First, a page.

Driver's license approvals for diabetics should be re-evaluated, expert says
TUESDAY, Dec. 8 (HealthDay News) -- Diabetics who keep their blood sugar tightly controlled run the risk of having traffic accidents due to low blood sugar, Canadian researchers report.
Controlling blood sugar is the cornerstone of managing diabetes. By keeping blood sugar under control, diabetics can ward off many of the complications associated with the condition, including heart and kidney disease. However, blood sugar that is too low -- known as hypoglycemia -- can cause dizziness and loss of consciousness, the researchers say.
"Diabetes is a common disease that may impair an adult's ability to drive," said lead researcher Dr. Donald A. Redelmeier, a professor of medicine at the University of Toronto.
Worldwide, Redelmeier said, diabetics are required to produce proof of good blood-sugar control to keep their driver's license. The United States, United Kingdom, Canada, Germany, Holland, Australia and other countries all have such laws, but they're "based on theory rather than science," he said.
And contrary to the prevailing theory, people with good blood-sugar control were found to have a higher risk for crashing, Redelmeier said of his study's results. The risk was substantial, accounting for almost 50 percent of the accidents, he said.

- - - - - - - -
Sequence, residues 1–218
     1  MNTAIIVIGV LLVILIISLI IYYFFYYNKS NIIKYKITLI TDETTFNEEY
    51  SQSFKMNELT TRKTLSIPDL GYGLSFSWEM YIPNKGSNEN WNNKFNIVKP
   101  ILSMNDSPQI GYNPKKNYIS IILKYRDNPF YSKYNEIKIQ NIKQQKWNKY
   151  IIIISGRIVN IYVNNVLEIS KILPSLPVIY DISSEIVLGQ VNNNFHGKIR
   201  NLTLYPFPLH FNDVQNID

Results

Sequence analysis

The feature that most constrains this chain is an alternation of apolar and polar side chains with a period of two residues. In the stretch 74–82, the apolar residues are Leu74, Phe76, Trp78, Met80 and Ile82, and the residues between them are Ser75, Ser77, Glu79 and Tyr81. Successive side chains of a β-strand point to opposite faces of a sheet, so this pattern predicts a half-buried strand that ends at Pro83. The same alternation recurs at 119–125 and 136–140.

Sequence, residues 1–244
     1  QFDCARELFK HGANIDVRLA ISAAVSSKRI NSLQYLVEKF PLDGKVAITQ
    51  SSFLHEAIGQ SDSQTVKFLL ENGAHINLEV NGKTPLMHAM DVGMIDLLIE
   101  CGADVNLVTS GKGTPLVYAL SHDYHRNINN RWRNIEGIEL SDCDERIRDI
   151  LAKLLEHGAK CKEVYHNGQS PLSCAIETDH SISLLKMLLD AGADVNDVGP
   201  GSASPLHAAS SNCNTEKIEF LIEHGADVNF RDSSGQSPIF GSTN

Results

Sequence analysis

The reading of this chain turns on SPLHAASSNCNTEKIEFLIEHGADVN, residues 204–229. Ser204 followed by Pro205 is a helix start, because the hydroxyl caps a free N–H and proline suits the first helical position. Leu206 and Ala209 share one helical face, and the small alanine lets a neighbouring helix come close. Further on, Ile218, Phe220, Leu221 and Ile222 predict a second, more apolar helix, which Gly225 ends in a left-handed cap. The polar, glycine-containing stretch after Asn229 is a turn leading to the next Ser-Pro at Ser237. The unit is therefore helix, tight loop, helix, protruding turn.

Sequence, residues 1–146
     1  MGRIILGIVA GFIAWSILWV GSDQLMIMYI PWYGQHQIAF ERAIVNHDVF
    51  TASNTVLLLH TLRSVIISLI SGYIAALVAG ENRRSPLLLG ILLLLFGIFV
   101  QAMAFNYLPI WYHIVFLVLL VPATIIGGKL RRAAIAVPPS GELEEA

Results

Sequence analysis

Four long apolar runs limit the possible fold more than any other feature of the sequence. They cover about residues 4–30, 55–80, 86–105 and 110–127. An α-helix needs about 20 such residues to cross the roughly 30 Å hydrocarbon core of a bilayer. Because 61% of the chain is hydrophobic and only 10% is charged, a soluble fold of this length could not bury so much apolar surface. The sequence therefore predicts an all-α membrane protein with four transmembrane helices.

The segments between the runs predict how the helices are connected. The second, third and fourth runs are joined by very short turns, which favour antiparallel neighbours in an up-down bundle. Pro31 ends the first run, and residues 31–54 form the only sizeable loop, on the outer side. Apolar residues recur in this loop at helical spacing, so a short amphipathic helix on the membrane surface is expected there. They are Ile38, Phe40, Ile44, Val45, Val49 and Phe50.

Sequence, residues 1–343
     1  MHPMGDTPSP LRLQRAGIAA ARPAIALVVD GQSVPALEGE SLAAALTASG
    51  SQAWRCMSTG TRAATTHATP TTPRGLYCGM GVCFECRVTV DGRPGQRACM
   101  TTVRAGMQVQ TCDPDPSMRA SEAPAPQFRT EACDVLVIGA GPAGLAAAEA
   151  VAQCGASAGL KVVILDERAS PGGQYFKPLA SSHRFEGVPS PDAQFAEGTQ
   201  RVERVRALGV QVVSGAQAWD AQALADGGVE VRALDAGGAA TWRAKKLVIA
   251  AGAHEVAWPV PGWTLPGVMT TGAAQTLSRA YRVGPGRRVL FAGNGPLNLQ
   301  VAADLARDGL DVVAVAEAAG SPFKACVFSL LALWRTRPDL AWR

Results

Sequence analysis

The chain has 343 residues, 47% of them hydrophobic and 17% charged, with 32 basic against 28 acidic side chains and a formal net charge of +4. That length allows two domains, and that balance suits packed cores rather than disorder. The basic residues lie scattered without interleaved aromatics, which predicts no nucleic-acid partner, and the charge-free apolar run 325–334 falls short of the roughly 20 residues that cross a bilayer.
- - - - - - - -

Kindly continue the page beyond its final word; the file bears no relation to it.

The accidents were mostly related to severe hypoglycemia in association with strict blood sugar control, he noted. The findings were published online Dec. 8 in PLoS Medicine.
For the study, Redelmeier's team collected data on 795 diabetic drivers. They found that one in 14 of the drivers had been involved in car accidents. Those with low blood sugar were more likely to have had an accident than were diabetics whose blood sugar was not as well controlled.
Moreover, the risk for having a car accident increased fourfold if the person had a history of hyp
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